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Be Your Own Herbal Expert - Part 4
an article by Susun S. Weed

Herbal medicine is the medicine of the people. It is simple, safe, effective, and free. Our ancestors used - and our neighbors around the world still use - plant medicines for healing and health maintenance. It's easy. You can do it too.

In your first lessons, you learned how to "listen" to the messages of plant's tastes, how to make effective water-based herbal remedies, and how to distinguish safe nourishing and tonifying herbs from the more dangerous stimulating and sedating herbs.

In this lesson, you will learn how to how make herbal tinctures. You will make tinctures from fresh and dried roots as well as from fresh flowers and leaves.

Then you will collect your tinctures into an Herbal Medicine Chest and begin to use them. Shall we begin?

Tinctures Act Fast

Tinctures are alcohol-based plant medicines. Alcohol extracts and concentrates many properties from plants, including their poisons. Alcohol does not extract significant amounts of nutrients, so tinctures are used when we want to stimulate, sedate, or make use of a poison. (Remember that nourishing herbs are best used in water bases such as infusions and vinegars.)

The concentrated nature of tinctures allows them to act quickly. It also makes them perfect for a first-aid kit or herbal medicine chest: a little goes a long way.

I have dozens of tinctures in my cabinet. But these are the ones I carry with me when I travel; they are the ones I don't leave home without. This is my traveling herbal medicine chest.

Echinacea tincture Motherwort tincture Skullcap tincture
Ginseng tincture Dandelion root tincture Wormwood tincture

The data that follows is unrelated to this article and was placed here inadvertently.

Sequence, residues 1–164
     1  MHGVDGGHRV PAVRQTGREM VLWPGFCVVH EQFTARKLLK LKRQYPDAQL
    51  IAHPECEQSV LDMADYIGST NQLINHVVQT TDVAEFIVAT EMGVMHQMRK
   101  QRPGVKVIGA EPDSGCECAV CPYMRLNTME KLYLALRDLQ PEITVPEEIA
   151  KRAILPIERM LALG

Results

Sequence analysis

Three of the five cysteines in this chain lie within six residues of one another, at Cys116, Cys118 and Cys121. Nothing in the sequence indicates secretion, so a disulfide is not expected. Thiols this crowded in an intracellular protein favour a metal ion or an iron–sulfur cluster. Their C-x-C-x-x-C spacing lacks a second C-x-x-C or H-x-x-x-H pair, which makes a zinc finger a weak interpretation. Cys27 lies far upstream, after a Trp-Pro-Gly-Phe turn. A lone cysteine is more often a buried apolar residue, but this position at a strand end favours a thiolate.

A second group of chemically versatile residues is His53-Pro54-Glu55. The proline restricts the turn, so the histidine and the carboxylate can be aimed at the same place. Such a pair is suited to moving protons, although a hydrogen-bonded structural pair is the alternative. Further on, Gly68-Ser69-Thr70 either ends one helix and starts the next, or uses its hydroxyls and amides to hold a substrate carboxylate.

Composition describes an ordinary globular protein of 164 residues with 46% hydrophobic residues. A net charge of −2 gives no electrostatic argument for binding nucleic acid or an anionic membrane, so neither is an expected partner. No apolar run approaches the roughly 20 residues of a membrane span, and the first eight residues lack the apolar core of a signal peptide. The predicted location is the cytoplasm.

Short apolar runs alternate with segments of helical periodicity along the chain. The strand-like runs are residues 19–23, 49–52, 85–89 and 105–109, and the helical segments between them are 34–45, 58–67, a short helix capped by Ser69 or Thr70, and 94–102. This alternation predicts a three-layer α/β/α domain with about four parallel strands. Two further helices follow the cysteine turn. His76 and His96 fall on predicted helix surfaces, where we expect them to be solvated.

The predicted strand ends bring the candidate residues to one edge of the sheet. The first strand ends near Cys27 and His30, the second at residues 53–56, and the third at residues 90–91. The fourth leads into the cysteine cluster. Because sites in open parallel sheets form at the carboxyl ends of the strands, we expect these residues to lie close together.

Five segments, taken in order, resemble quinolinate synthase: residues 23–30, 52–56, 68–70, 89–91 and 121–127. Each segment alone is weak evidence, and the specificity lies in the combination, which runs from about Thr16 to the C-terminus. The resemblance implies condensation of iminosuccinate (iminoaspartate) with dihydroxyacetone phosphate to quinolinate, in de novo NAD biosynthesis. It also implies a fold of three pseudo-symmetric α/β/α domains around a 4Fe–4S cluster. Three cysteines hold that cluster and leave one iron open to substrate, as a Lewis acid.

St Joan's Wort tincture Poke root tincture(danger) Yarrow tincture

Making Dried Root Tinctures

I strongly prefer to make tinctures from fresh plants. But many people have a hard time getting fresh plants. Most books therefore ignore fresh plant tinctures and focus on making tinctures only from dried plants. The only dried plant parts I use to make tinctures are roots and seeds. All other plant parts I use fresh when making a tincture. And I actually prefer to use fresh roots too.

To make a tincture from dried roots:

• Buy an ounce of dried Echinacea augustifolia or Panax ginseng root.
• Put the whole ounce in a pint jar.
• The dried root should fill the jar about a third full. If not, use a smaller jar.
• Fill the jar to the top with the alcohol. Cap tightly and label.

Almost any alcohol can be used to make a tincture. My preference is 100 proof vodka. A lower proof, such as 80 proof, does not work nearly as well. Higher proofs, such as 198 proof or Everclear, can damage the liver and kidneys, so I don't use them to make medicine.

The tincture is ready in six weeks, but gets stronger the longer it sits. I like to wait about six months before using my ginseng tincture and a year before using my echinacea tincture.

Making Fresh Root Tinctures

Roots generally hold their properties even when dried. But two of my favorite root tinctures must be made from fresh roots are the dried ones have lost much of their effect.

Making a tincture with a fresh root is similar to making one with a dried root.

• With great respect for the plant, dig up its root.
• Gently rinse mud away. (For more about digging dandelion root, see Healing Wise.)
• Chop root into small pieces and fill a jar to the top with the chopped root.
• Fill jar to the top with alcohol. Cap tightly. Label.
• Fresh root tinctures are ready to use in six weeks.

Making Fresh Leaf and Flower Tinctures

I use only fresh flowers and leaves in my tinctures. These delicate plant parts lose aroma and medicinal qualities when dried.

Tinctures can be made from dried herbs, but I find them inferior in both effect (how well they work) and energetics (how many fairies are in it), not to mention taste (how many volatile substances remain) and somatics (how something makes you "feel").

What if the plants you need to make all the tinctures in your medicine chest don't grow where you live or you can't find them? Try one or more of these solutions.

• Take a vacation to a place where the plant you need does grow. And make sure to go at the best time to gather it.

• Find an herbal pen-pal who lives in the area where the plant you want to tincture grows. Have your pen-pal make a tincture of the fresh plant for you. You could make a tincture of something you have lots of to give to her too.

Even if the plants do grow where you live, it may take a year or longer for you to find them, harvest them and make tinctures. While you are "in limbo," it's fine to buy tinctures to use in your herbal medicine chest.